By contrast, Nolfi’s departure from Milan was permeated by fear of COVID-19. Taxi signage restricted her from touching the door handles, and stickers on the ground at the airport reminded her to stay six feet apart from others.

Students expressed surprise at how relaxed measures were in Canada. They recalled quick customs procedures, crowding, and a lack of masks or gloves. 

Fitzpatrick landed in Toronto on March 21, at which point 18 coronavirus-related deaths had been recorded in Canada. Her passport would have indicated that she had been in France, Germany, Spain and Portugal within 10 days of her return. “I should’ve been blacklisted right then and there. But the customs agent was like, ‘Oh, you were on exchange? Are you from Queen’s?’” Fitzpatrick said. 

“No wonder it’s getting so bad [in Canada]. It’s all talk, no game. I absolutely should have been grilled, and I got nothing.”


Back in Kingston, the University focused on student safety.

In a written statementSandra den Otter, associate vice-principal (Research and International), told The Journal that decisions related to international travel and exchange were based on travel and health advisories issued by the Government of Canada and International SOS, Queen’s safety and security contractor.

According to den Otter, decisions have also been guided by the Off-Campus Activity Safety Policy (OCASP), which “helps to ensure that all off-campus activities are conducted in as safe and as fully aware a climate as possible.” 

OCASP doesn't include pandemic-specific protocol. Queen’s Emergency Support Program, which supports students participating in international activities during emergencies, must be registered for separately.

“Financial support is being provided to returning students to help them with the costs of returning home,” den Otter wrote. She did not provide The Journal with specifics on flights and other expenses.

Many students praised the International Programs Office (IPO) and Smith School of Business’ handling of the situation.

“Queen’s has been absolutely stellar in terms of handling me coming home,” said Michael Sambasivam, ArtSci ’21, who was on exchange at Tecnológico de Monterrey-Santa Fe in Mexico City. “They’re making sure no one is wasting a whole semester’s tuition.”

But many felt communication from Queen’s was delayed, leaving them to fend for themselves as fears mounted. 

“Queen’s didn’t reach out to us for a very long time, which was a source of stress and anxiety. We didn’t know if we were able to book flights home and if our credits would transfer back,” Fitzpatrick said. “[Queen’s should have been] starting to think about [COVID-19] before it became an emergency situation and everyone had to get out of Europe in three days.” 

Hamilton expressed similar concerns about the ambiguity of Queen’s initial messages. He reached out to the Commerce office when he began to worry about COVID-19 and was told to follow the guidelines of his host university. However, Singapore Management University had directed exchange students to follow protocol set by their home universities.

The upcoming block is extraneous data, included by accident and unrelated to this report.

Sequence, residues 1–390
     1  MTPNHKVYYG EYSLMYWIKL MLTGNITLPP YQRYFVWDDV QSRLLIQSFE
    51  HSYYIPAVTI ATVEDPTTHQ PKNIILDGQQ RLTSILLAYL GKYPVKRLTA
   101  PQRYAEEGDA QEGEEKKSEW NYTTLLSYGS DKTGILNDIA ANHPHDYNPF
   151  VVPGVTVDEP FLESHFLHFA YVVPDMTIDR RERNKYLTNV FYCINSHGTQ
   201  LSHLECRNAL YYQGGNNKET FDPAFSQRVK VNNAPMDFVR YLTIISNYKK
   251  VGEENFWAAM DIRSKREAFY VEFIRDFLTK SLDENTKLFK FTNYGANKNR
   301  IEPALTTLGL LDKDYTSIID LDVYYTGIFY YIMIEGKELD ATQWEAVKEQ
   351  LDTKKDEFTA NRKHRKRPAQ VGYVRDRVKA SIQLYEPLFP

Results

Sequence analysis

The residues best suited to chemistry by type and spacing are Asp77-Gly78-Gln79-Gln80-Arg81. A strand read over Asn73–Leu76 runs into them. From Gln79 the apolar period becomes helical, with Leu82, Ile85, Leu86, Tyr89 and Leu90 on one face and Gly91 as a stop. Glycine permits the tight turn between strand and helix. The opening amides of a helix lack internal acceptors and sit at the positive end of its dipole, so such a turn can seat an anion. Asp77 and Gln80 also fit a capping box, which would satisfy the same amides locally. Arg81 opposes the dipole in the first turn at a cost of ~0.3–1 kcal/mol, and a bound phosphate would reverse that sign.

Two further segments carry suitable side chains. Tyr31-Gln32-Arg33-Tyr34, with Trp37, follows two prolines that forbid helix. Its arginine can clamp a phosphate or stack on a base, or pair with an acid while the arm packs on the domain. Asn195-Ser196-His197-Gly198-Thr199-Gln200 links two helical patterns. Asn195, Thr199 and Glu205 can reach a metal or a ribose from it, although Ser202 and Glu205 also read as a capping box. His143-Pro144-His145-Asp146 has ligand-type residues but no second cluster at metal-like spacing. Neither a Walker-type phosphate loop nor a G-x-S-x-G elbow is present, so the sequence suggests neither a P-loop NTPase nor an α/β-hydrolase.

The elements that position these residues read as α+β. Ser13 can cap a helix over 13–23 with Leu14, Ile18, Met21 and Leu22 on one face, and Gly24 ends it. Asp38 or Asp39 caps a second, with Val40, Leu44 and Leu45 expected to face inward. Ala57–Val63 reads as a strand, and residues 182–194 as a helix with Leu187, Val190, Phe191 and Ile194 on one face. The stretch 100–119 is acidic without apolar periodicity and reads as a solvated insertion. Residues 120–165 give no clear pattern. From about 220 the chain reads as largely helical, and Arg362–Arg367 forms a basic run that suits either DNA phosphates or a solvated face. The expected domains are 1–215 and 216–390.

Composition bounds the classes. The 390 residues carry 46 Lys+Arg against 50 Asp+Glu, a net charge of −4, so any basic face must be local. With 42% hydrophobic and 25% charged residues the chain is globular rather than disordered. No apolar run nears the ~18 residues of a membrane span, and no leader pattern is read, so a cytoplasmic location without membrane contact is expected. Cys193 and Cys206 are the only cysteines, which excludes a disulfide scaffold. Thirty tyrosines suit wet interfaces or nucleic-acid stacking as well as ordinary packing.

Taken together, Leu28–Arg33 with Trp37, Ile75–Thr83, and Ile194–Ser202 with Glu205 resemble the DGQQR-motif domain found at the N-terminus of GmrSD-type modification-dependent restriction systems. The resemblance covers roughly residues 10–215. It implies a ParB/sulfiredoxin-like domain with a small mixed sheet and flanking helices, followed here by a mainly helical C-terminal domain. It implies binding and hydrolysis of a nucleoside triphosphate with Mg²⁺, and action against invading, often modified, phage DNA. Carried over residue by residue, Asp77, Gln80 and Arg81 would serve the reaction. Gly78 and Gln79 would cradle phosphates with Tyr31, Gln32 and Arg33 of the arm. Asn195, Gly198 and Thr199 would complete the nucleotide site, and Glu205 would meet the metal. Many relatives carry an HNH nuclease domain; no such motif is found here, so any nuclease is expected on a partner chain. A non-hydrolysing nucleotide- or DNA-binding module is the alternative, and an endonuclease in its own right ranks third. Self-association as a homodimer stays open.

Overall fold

Most students chalked the communication issues up to the unprecedented nature of the pandemic. Assaf and Nolfi said they hope Queen’s develops a pandemic-specific crisis management protocol for students before they embark on international study in the future.


Alongside their peers around the world, students have been adjusting to online learning once home.

Impressed with how his school accommodated the shift, Hamilton noted that Singapore had a pre-existing protocol for moving online, established after the 2003 SARS outbreak.

But finishing school thousands of kilometres away has created unique challenges. Time changes mean classes run late into the night and start early in the morning. Some universities have accounted for this by recording lectures, but not all students have been afforded these accommodations.  

“I have two classes that are at 8 A.M. [Lisbon time], so I have to get up at 3 A.M.,” Fitzpatrick said. “I wrote two exams my first week back, both of them at 6 A.M.. They won’t accommodate us.”

According to Johnston, her university in Istanbul, Turkey, is planning to run in-person exams in June because many students lack access to technology. “The financial means and access to technology in general for people [in Turkey] are a lot different than at home,” she said. 

Since returning home, the ultimate challenge for students has been re-orienting around a semester that looks drastically different from what they’d envisioned.

“Exchange was the reason I chose Queen’s Commerce […] I’d worked so hard for two years to get good grades to be competitive in the process [of applying for exchange],” Fitzpatrick said. “There have been so many decisions over the last couple years, all relating back to these four months.”

Assaf, however, sees the last two months as a learning experience about the interconnected world we live in. “We have to help when things happen in other places, because eventually it will get to your backyard,” he said. “People’s issues across the world are as important as the ones in the city next to you.”

Nolfi spoke of camaraderie amidst difficulty. “We’re all going to remember being the year that exchange got cut off, and we’re all carrying our battle scars from that experience,” she said. “It was nice knowing that you’re a Queen’s student abroad, because you felt that sense of community in a time of hardship.”